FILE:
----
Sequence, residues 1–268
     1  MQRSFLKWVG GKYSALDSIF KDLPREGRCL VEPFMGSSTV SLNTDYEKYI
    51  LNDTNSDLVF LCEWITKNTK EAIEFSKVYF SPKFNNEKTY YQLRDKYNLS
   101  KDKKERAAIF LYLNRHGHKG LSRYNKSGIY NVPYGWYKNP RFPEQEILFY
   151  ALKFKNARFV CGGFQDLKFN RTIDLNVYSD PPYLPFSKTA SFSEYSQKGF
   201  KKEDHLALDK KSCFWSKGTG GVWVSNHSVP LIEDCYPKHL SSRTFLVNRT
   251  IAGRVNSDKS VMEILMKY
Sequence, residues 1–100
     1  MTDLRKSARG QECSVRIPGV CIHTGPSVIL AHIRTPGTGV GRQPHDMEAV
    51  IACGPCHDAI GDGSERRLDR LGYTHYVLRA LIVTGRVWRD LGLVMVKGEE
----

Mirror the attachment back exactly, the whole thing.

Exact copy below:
Sequence, residues 1–268
     1  MQRSFLKWVG GKYSALDSIF KDLPREGRCL VEPFMGSSTV SLNTDYEKYI
    51  LNDTNSDLVF LCEWITKNTK EAIEFSKVYF SPKFNNEKTY YQLRDKYNLS
   101  KDKKERAAIF LYLNRHGHKG LSRYNKSGIY NVPYGWYKNP RFPEQEILFY
   151  ALKFKNARFV CGGFQDLKFN RTIDLNVYSD PPYLPFSKTA SFSEYSQKGF
   201  KKEDHLALDK KSCFWSKGTG GVWVSNHSVP LIEDCYPKHL SSRTFLVNRT
   251  IAGRVNSDKS VMEILMKY
Sequence, residues 1–100
     1  MTDLRKSARG QECSVRIPGV CIHTGPSVIL AHIRTPGTGV GRQPHDMEAV
    51  IACGPCHDAI GDGSERRLDR LGYTHYVLRA LIVTGRVWRD LGLVMVKGEE